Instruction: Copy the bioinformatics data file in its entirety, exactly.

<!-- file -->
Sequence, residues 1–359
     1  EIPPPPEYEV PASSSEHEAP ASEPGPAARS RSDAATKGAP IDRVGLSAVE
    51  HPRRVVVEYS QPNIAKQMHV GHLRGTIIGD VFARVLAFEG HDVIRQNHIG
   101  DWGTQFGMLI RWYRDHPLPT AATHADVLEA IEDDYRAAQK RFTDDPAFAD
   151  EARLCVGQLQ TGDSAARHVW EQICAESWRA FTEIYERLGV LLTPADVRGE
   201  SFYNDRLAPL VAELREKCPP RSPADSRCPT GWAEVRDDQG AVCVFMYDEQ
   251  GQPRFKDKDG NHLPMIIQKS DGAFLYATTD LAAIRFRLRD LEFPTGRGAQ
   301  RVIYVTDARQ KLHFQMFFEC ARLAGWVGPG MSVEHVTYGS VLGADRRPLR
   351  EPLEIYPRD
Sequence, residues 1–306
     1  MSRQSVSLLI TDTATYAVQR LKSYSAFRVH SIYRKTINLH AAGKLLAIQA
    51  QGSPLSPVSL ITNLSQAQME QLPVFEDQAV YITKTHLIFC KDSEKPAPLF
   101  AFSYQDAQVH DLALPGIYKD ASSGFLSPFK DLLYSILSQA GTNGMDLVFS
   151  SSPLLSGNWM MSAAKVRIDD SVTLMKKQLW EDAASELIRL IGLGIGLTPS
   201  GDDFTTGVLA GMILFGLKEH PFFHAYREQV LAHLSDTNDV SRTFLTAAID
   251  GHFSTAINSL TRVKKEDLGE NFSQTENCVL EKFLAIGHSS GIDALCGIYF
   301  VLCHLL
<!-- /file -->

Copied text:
Sequence, residues 1–359
     1  EIPPPPEYEV PASSSEHEAP ASEPGPAARS RSDAATKGAP IDRVGLSAVE
    51  HPRRVVVEYS QPNIAKQMHV GHLRGTIIGD VFARVLAFEG HDVIRQNHIG
   101  DWGTQFGMLI RWYRDHPLPT AATHADVLEA IEDDYRAAQK RFTDDPAFAD
   151  EARLCVGQLQ TGDSAARHVW EQICAESWRA FTEIYERLGV LLTPADVRGE
   201  SFYNDRLAPL VAELREKCPP RSPADSRCPT GWAEVRDDQG AVCVFMYDEQ
   251  GQPRFKDKDG NHLPMIIQKS DGAFLYATTD LAAIRFRLRD LEFPTGRGAQ
   301  RVIYVTDARQ KLHFQMFFEC ARLAGWVGPG MSVEHVTYGS VLGADRRPLR
   351  EPLEIYPRD
Sequence, residues 1–306
     1  MSRQSVSLLI TDTATYAVQR LKSYSAFRVH SIYRKTINLH AAGKLLAIQA
    51  QGSPLSPVSL ITNLSQAQME QLPVFEDQAV YITKTHLIFC KDSEKPAPLF
   101  AFSYQDAQVH DLALPGIYKD ASSGFLSPFK DLLYSILSQA GTNGMDLVFS
   151  SSPLLSGNWM MSAAKVRIDD SVTLMKKQLW EDAASELIRL IGLGIGLTPS
   201  GDDFTTGVLA GMILFGLKEH PFFHAYREQV LAHLSDTNDV SRTFLTAAID
   251  GHFSTAINSL TRVKKEDLGE NFSQTENCVL EKFLAIGHSS GIDALCGIYF
   301  VLCHLL